In the late 1950s, Pramod Pati went to Prague to study puppet animation. One of his instructors there was Jiří Trnka, whose 1965 film The Hand was a chilling indictment of Soviet censorship. Pati’s approach was clearly informed by Trnka’s, but where the Czech animator’s brand of subversion was sombre and measured, Pati’s was freewheeling and joyous. His 1968 short Explorer might be the most bizarre seven minutes ever committed to film by an Indian director, populated as it is with images of saints and statues and dancing teenagers, billboards that read ‘F*CK CENSORSHIP’, mushroom clouds, and dozens upon dozens of eyes.

Pati joined Films Division in 1959 as the head of its animation unit. In a celebrated 1970 short, he applied a stop motion animation technique called pixilation to a live subject, the Bombay artist Abid Surti. Abid is a rare home-grown example of the psychedelic ‘head’ film, full of pop colours and Surti’s magnificent poker face. In a later interview, the artist recalled how Pati landed up at his studio after the original subject, MF Husain, had dropped out. “[He] was a giant of a worker, very cooperative, very understanding, and very loving,” Surti recalled. “He used to work, I should say, about 19-20 hours a day while we were shooting it.” The 20-day shoot became an event in itself, with Satyajit Ray and BR Chopra dropping in.

God in the Details
While Sastry and Pati were linked by their avant-garde tendencies, the third great director of the fertile ‘65-‘75 period, S Sukhdev, walked a path very much his own. His India ‘67 (actual title: An Indian Day) is probably the best-known work to emerge from Films Division. The film was in the running for the Golden Bear at the ’68 Berlin Film Festival. American critic Albert Johnson spoke of its “highly cinematic perusal of the contrasts and contradictions in India” and called the director the “most exciting film master, since the rise of Satyajit Ray”. Ray himself has written in praise of the film, saying “I like it, but not for its broad and percussive contrasts of poverty and influence, beauty and squalor, modernity and primitivity – however well shot and cut they might be. I like it for its details – for the black beetle that crawls along the hot sand, for the street dog that pees on the parked bicycle, for the bead of perspiration that dangles on the nose tip of the begrimed musician.”

To gather footage for this hour-long documentary, Sukhdev travelled across the country, shooting everything from an artists’ village in Cholamandal to a Shiv Sena agitation in Bombay led by Bal Thackeray. Though the film was commissioned to celebrate 20 years of independence, Sukhdev proved as adept as Sastry at avoiding unnecessary chest-beating. Shots of Gandhi Samadhi, for instance, are combined with the recollections of an old flower-seller who talks about bringing her boy to the Mahatma’s funeral. This is one of the few scenes where there’s something resembling narration. Most of the time, the viewer is given the freedom to form his or her own story out of Sukhdev’s contemplative images. Fittingly, Gulzar’s tribute to Sukhdev, Ek Akar (1985), was also sans narration.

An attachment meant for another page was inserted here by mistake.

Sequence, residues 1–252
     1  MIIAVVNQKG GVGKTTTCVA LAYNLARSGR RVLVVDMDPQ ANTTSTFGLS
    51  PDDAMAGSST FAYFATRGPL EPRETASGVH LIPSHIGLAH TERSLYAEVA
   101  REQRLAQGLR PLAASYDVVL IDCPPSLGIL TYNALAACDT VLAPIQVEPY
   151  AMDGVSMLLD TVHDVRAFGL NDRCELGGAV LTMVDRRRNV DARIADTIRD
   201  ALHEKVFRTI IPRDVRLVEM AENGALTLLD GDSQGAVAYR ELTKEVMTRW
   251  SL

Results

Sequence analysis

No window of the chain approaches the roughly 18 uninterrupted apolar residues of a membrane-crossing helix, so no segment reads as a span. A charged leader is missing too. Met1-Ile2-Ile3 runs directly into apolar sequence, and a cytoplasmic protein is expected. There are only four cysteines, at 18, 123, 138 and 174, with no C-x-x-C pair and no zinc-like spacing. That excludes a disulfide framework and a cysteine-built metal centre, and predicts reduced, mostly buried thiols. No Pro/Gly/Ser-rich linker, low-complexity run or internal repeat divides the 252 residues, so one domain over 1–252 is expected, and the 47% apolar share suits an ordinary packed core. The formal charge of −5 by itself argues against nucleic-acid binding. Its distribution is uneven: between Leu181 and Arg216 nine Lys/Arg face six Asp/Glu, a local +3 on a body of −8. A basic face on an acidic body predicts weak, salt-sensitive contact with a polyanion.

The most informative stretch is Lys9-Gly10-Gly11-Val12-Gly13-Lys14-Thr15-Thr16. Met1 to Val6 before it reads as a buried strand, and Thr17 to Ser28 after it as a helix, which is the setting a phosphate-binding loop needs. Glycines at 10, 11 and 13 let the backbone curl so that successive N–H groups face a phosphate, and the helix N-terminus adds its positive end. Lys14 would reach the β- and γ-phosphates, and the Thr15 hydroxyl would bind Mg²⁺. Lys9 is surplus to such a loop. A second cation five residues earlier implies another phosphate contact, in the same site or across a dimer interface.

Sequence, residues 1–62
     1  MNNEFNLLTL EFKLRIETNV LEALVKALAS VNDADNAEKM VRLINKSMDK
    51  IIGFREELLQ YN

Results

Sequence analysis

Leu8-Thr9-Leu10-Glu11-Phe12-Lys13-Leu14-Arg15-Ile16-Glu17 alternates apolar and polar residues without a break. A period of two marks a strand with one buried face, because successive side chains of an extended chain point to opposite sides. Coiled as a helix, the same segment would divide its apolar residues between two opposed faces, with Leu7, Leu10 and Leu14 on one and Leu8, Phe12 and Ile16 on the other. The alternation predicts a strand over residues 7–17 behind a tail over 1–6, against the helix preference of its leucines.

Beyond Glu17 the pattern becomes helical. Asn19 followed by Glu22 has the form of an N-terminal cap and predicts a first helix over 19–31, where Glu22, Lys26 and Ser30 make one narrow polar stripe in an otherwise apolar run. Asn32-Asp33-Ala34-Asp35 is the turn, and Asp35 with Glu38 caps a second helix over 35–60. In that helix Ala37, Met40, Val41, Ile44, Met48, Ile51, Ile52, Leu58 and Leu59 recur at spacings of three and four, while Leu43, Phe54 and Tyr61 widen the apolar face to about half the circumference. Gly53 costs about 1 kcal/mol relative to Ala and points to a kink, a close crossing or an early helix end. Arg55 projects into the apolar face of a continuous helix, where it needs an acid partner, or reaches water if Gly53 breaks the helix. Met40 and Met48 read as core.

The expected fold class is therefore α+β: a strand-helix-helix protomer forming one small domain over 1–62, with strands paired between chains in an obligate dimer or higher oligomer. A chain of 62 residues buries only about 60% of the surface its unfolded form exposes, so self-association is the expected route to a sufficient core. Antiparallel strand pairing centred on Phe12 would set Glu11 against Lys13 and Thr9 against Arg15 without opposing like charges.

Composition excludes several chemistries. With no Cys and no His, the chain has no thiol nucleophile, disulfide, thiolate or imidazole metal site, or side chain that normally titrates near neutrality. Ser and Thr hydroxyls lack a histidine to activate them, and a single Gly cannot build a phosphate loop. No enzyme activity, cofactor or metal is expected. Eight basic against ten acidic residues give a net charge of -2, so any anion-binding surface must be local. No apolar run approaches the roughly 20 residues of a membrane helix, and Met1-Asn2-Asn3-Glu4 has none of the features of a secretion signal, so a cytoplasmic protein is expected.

Sukhdev directed, shot and edited the film himself – a remarkable feat. He even turns up onscreen in a homecoming scene that ends with him looking around his old room and picking up a pillow embroidered with the words ‘sweet dream’. The little details that impressed Ray so are everywhere: a sketch of the goddess Lakshmi on a shopping bag; a bagpiper at a wedding; couples close-dancing to “Hava Nagila”. Often the details turn darker, like the protest notice that reads ‘Hitler Reborn at Pathankote’ or the image of flies buzzing around the skulls of dead cattle (the latter anticipates the close-ups of human corpses in his 1975 film about the Bangladesh War, Nine Months to Freedom). Sukhdev’s subversion is less gleeful than Sastry’s or Pati’s, but just as effective: it’s no coincidence that the village teacher is trying to get his students to use kranti (revolution) in a sentence.

A Common Tune
The one element that unites these diverse films is the music of Vijay Raghav Rao. Rao was an extraordinarily versatile talent. An in-demand flautist, composer and arranger, he conducted the national anthem at the 1947 Independence Day celebrations. He performed for Gandhi in person and for Richard Attenborough’s Gandhi. When Led Zeppelin recorded with local musicians in Bombay, it was Rao who interpreted for them. He was awarded the Padma Shri in 1970.